Compelling evidence indicates that systemic factors in the blood profoundly reverse aging related impairments, as exposure of aged mice to young blood using parabiosis (an approach for exchanging systemic milieu) and/or transfusion is capable of rejuvenating stem cell function in muscle, liver, spinal cord and brain and improving cognitive function, and ameliorates cardiac hypertrophy. Very recent studies also showed that a healthy animal could extend life span of a partner exposed to a lethal treatment or disease. These findings suggest that systemic milieu of a healthy young partner may be beneficial for an aged organism. However, it is currently unknown whether a healthy systemic milieu contributes to functional recovery after ischemic stroke. Our preliminary study showed that intraperitoneal administration of young plasma into ischemic stroke rats significantly reduced infarct volume and ameliorated motor impairment, compared with vehicle group. On the contrary, intraperitoneal administration of old plasma into young ischemic rats worsened their brain injury and motor deficits. Using a proteomic approach, we identified several new factors affecting stroke recovery. Therefore, the central hypothesis of this proposal is that: (a) the neurological deficits after ischemic stroke in aged rats are reversible upon exposure to young systemic milieu and (b) the underlying mechanism is likely due to the altered levels of soluble systemic factors in the young and aged rats.
Our SPECIFIC AIM i s to determine the effect of young adult (3-month-old) and old (24-month-old) systemic environment on functional outcome of ischemic stroke rats, and identify the potential systemic factors affecting stroke recovery. The rationale for the proposed research is that successful completion of the proposed experiments will provide missing, fundamental knowledge regarding the impact of the systemic milieu on functional recovery of young and aged ischemic rats. Identifying beneficial and detrimental molecules from young and old blood may result in new and innovative approaches to prevent or treatment of a variety of aged-related diseases including stroke.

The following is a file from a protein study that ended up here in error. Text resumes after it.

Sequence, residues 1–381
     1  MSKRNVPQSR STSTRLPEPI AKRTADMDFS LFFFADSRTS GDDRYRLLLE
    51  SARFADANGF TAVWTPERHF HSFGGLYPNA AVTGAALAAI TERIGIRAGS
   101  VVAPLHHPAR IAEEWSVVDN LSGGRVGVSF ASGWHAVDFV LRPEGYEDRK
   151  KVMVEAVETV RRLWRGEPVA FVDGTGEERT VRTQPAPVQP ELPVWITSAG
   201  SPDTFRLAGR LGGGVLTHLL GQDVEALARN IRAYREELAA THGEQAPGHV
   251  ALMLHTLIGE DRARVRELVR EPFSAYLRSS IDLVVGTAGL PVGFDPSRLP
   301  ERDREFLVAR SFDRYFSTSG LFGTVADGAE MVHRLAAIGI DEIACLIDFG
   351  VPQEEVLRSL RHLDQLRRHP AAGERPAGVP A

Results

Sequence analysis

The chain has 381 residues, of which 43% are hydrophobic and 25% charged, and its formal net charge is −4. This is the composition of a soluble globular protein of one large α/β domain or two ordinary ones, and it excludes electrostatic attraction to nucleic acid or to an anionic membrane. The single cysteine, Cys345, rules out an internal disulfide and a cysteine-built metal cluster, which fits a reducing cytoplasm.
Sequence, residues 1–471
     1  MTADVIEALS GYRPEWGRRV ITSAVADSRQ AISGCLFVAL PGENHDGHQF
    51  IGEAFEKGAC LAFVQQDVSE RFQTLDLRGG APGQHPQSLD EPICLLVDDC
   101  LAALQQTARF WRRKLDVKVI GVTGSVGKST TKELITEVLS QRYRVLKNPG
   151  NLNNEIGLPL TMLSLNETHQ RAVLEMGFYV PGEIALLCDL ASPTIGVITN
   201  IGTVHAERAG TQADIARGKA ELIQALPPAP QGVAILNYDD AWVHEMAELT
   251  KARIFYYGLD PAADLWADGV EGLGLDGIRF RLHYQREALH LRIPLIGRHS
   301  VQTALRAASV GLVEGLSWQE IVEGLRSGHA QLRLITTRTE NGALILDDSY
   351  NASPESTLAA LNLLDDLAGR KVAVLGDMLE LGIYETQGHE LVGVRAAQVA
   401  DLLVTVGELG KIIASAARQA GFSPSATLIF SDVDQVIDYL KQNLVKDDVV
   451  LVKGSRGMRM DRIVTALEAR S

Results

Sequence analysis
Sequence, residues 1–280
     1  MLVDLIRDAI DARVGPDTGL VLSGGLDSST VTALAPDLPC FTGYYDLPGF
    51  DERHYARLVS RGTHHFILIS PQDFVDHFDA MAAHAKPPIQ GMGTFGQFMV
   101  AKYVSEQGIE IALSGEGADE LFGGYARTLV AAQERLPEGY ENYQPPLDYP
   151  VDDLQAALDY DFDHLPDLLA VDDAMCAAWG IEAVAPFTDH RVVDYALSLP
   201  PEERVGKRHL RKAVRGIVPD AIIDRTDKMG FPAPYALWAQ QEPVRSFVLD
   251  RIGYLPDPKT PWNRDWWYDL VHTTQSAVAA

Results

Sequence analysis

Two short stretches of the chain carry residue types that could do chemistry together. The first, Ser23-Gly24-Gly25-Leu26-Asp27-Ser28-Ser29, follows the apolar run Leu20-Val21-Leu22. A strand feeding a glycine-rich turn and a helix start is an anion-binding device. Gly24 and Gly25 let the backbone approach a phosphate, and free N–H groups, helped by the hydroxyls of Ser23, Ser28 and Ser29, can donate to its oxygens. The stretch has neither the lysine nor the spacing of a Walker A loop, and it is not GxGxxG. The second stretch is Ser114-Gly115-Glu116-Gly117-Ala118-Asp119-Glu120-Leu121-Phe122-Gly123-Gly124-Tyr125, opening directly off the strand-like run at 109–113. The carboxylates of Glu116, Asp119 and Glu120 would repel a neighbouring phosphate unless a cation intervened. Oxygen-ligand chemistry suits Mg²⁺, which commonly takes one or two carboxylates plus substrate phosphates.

Public Health Relevance

The proposed experiments are to determine the effect of young and old systemic milieu on brain injury and neurological deficits after ischemic stroke and to identify the potential systemic factors. Knowledge gained from these studies will not only pave the way for demonstration of the positive impact of the systemic milieu on stroke outcome, but also result in the new findings of specific circulating factors, which potentially be translated into novel therapeutic intervention.

National Institute of Health (NIH)
National Institute of Neurological Disorders and Stroke (NINDS)
Exploratory/Developmental Grants (R21)
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Brain Injury and Neurovascular Pathologies Study Section (BINP)
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Bosetti, Francesca
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University of North Texas
Other Health Professions
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Fort Worth
United States
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Zhang, Lin-Yuan; Lin, Pan; Pan, Jiaji et al. (2018) CLARITY for High-resolution Imaging and Quantification of Vasculature in the Whole Mouse Brain. Aging Dis 9:262-272
Zhang, Yu; Zhang, Hongxia; Lin, Siyang et al. (2018) SDF-1/CXCR7 Chemokine Signaling is Induced in the Peri-Infarct Regions in Patients with Ischemic Stroke. Aging Dis 9:287-295